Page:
Catalina Coupons: Savings in the Palm of Your Hand

by Gina Blitstein · 0 comments

Your groceries are rung up and you’ve paid the cashier. She in return hands you your receipt and some additional strips of paper from a little machine beside her cash register. What are they? Those mysterious strips of paper are checkout coupons called, “Catalinas.” Their name comes from Catalina Marketing, the company which provides them. You may have received Catalinas at the checkout and been pleasantly surprised by the savings they offer. You may also have noticed that you don’t receive Catalinas every time you check out and that not every customer receives Catalinas. Why these differences in their distribution?

The answer lies in the marketing strategy behind Catalinas. Catalinas represent very targeted advertising. Their distribution is based upon the items you purchase in a particular transaction. For instance, you may become eligible to receive a Catalina by purchasing a particular number of or a certain dollar amount on specified items. A Catalina offer may be, “Buy $30.00 in Company X products and receive a coupon worth $10.00 off your next grocery purchase.” While it is possible to unintentionally earn Catalinas by by purchasing certain items, you can — and should — plan your shopping in order to insure that you get a particular Catalina you want.

How do you know which Catalina offers are in effect? They may be advertised in grocery store fliers. Others are advertised on the shelf below the products, worded, for example, “Receive a coupon for $2.00 off your next shopping trip when you purchase 5 bottles of Brand X salad dressing.” When you purchase them, it triggers the Catalina machine to print your coupon, which you receive when you check out. Catalina advertising is not standardized so your best bet may be to consult the Internet to learn about all the offers available at at your store at any given time.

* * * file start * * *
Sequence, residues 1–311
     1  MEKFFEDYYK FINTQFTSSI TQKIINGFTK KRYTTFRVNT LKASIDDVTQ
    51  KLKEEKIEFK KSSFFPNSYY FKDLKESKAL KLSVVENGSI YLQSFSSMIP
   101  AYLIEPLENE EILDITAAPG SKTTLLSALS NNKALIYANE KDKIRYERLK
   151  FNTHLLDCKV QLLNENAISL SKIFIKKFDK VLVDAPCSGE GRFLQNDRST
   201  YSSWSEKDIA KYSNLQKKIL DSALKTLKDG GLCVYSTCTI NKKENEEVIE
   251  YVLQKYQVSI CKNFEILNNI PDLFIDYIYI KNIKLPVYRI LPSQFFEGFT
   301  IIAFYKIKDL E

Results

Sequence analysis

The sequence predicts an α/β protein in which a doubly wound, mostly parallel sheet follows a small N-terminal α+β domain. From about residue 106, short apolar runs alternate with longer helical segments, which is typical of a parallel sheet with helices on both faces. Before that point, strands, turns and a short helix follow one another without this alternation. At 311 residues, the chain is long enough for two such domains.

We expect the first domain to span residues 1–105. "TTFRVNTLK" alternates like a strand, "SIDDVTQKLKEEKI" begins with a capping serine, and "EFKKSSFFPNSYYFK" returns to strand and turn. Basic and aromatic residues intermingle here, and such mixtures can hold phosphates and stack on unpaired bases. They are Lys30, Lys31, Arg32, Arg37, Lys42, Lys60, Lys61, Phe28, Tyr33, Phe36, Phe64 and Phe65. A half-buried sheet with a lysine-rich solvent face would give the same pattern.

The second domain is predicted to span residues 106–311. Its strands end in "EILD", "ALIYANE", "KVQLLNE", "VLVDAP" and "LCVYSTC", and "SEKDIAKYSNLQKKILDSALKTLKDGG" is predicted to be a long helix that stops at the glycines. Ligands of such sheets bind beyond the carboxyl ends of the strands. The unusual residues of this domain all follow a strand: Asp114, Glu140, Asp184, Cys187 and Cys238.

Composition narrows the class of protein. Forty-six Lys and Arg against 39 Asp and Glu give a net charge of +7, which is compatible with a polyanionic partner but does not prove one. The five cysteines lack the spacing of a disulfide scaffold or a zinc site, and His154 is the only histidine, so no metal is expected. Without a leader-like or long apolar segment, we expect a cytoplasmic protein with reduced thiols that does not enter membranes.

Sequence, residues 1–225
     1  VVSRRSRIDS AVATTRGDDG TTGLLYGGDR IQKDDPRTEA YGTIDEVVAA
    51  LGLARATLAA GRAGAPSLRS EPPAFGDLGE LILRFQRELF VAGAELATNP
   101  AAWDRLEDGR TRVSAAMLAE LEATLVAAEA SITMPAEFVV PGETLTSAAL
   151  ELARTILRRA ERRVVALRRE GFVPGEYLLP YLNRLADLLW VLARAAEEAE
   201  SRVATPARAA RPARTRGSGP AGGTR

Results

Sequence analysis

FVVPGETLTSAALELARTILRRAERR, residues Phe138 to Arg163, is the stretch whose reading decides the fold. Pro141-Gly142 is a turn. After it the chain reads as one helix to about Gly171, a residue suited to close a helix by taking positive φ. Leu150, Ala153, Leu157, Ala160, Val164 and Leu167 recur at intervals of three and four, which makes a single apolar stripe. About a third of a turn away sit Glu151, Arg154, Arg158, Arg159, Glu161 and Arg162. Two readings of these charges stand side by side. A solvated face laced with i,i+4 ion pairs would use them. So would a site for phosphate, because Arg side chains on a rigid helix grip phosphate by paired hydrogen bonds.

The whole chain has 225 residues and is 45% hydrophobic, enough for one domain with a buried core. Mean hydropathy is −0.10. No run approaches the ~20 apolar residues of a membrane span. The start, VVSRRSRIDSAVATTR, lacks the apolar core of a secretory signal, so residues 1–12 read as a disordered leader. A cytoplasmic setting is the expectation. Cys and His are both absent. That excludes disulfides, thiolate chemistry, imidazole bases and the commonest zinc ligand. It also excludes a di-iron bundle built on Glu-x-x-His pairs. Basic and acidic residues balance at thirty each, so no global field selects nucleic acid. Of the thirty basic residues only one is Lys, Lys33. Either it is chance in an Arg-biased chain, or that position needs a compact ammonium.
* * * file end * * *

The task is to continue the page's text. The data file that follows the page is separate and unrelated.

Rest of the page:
Some of the types of savings offered in Catalinas include:

Dollars off a future shopping order. Often the offer is for a significant dollar amount off a future shopping trip which can be spent on most anything in the store, with some exclusions which are listed on the coupon. This is like free money toward your next grocery shopping.

Percent off a future shopping order. Rather than a dollar amount, some Catalinas offer a percentage off your next shopping trip.

Savings off a product you purchased in this shopping trip. The Catalina machine knows what you bought, so it may reward you with future savings on items it knows you buy.

Savings off a competitor’s product. Based upon the types of products you bought, a Catalina may be generated on similar products from other manufacturers.

Savings off a local or national store or service. Catalinas for things like auto repair and department stores are commonly distributed

Do note that not every Catalina is not a coupon. Sometimes it’s a notification of a future coupon offer or a targeted advertisement for a product based upon your purchases.

Earning these valuable coupons is really just a matter of following the rules of the offer. Of course, you sometimes have to be willing to buy in quantity, change brands or buy items before you really need them in order to take advantage of the offer. Weigh those considerations when contemplating going for a Catalina. Will you really come out the winner by purchasing more or sooner? Are the potential savings worth a change in your shopping habits? If the answer is yes, then you should look into going for some Catalina coupons.

Bonus Tip:

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